His international academic reputation is based on his outstanding research and publications record. This is further demonstrated by his appointments to the editorial boards of several international journals and his ability to network with international scholars in the field of Information Systems and their willingness to support and contribute to his initiatives for example the delivery of the PhD in Information System and Doctor of Business Administration programmes.

Professor Duggan’s stellar performance did not go unnoticed. His research output includes one refereed book, eight book chapters, twenty journal articles and over twenty refereed conference proceedings as well as other non-refereed publications. It should be noted that Information Systems conference proceedings are most often refereed and acceptance is based on the submission of a full paper. His research expertise has also been recognised locally as he was involved in the preparation of a significant report entitled “E-Powering Jamaica: The National ICT Strategic Plan 2007-2012” for the Government of Jamaica’s Central Information Technology Office (CITO), Ministry of Industry, Technology, Energy and Commerce. Professor Duggan also received a number of Faculty of Social Sciences Research Awards including:

• Best Research Publication (2018)
• Research Project Attracting The Most Research Funds (2018) 4
• Principal’s Award for the Project with the Greatest Multidisciplinary Cross Faculty Collaboration (2015); and
• Research Project with the Greatest Business/Economic/Development Impact (2013).

His positions on the editorial boards of recognised international journals include:
• Associate Editor, Communications of the Association for Information Systems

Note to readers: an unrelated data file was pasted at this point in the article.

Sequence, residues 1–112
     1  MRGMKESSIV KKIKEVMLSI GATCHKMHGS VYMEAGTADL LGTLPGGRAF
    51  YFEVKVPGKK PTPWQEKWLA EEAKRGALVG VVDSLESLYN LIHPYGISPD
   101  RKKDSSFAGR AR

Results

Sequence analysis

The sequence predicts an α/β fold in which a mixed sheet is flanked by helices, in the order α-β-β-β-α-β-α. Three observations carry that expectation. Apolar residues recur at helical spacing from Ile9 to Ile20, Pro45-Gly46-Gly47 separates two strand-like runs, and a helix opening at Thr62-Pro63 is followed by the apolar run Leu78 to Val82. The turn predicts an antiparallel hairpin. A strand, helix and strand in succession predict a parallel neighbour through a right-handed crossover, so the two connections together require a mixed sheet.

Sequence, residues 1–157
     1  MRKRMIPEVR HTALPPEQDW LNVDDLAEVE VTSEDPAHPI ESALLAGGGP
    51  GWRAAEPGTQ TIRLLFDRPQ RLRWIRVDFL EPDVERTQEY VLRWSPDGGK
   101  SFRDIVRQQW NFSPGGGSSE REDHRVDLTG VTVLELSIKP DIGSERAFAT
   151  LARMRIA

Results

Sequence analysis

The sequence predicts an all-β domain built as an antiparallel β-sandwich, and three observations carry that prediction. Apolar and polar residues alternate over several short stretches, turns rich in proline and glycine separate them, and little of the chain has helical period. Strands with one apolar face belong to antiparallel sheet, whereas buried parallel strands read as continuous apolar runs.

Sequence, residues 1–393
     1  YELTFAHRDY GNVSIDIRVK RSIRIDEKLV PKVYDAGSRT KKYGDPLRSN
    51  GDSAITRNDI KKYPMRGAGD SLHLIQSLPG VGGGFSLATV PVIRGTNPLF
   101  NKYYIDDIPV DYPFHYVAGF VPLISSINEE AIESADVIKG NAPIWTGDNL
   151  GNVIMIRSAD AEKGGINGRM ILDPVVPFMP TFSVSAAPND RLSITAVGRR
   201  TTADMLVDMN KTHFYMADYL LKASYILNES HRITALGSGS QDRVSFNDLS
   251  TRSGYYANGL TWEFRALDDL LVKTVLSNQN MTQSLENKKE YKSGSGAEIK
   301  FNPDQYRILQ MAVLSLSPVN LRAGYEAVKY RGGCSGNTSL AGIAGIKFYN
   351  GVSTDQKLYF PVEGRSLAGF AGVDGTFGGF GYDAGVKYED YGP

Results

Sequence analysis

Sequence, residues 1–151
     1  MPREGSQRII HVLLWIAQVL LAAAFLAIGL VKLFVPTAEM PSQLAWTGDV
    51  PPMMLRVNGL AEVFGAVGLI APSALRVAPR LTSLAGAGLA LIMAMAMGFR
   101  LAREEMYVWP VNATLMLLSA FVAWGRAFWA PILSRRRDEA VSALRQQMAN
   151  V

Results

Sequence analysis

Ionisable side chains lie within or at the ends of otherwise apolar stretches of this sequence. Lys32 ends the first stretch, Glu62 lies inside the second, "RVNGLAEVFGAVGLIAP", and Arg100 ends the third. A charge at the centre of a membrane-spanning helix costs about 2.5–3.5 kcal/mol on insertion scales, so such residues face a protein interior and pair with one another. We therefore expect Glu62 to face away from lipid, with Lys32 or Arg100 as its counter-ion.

• Section Editor, African Journal of Information Systems
• Editorial Advisory Board Member, Journal of Organizational and End User Computing
• Editorial Board Member, International Journal of Information Technology Project Management • Global Editorial Advisory Review Board Member, Idea Group Inc. Publishing Company
• International Editorial Review Board Member, Advances in End User Computing (Book Series)

He has also reviewed manuscripts for a number of other international journals on an ad hoc basis.

His contribution in terms of the criterion public service has been significant. He has sat on a number of boards including National Commercial Bank Insurance Company (NBCIC) (2013-2016), Jamaica Public Service Company (2012-2015), Jamaica Diaspora Foundation (2009-2016), UWI Solutions for Developing Countries (UWISODECO) (2012- ) and the Caribbean Policy Research Institute (CAPRI) (2013-2016). He was Chairman of the Board of Directors for both eGOV Jamaica Ltd (2013-2016) and is currently the chairman of SynCon Technologies Ltd, a position he has held since 2008. He was a member of the Board of Trustees and a Faculty and Research Affiliate of the ICT University (a US-based institution providing quality ICT and human capacity development specifically targeted for Africa, Latin America, the Caribbean and Asia (2011), a member of the Governing Council of National Commercial Bank’s Corporate Learning Campus (2008-2016), and a member of CARICOM Information and Communication Technologies (ICT) subcommittee on ICT Statistics (2007-2012). His exemplary service to local and international development has elevated the profile of The UWI and helped to strengthen relationships with the business community.

Professor Evan Duggan’s outstanding contributions to University life in a variety of spheres have included the areas of teaching and learning, administration, research and publications and public service make him an excellent candidate for this designation. Based on his outstanding performances in all aspects of his professional career, the title of “Professor Emeritus” was conferred upon him by The UWI, Mona.



Education during and after Covid 19!

By | CMU News, Uncategorized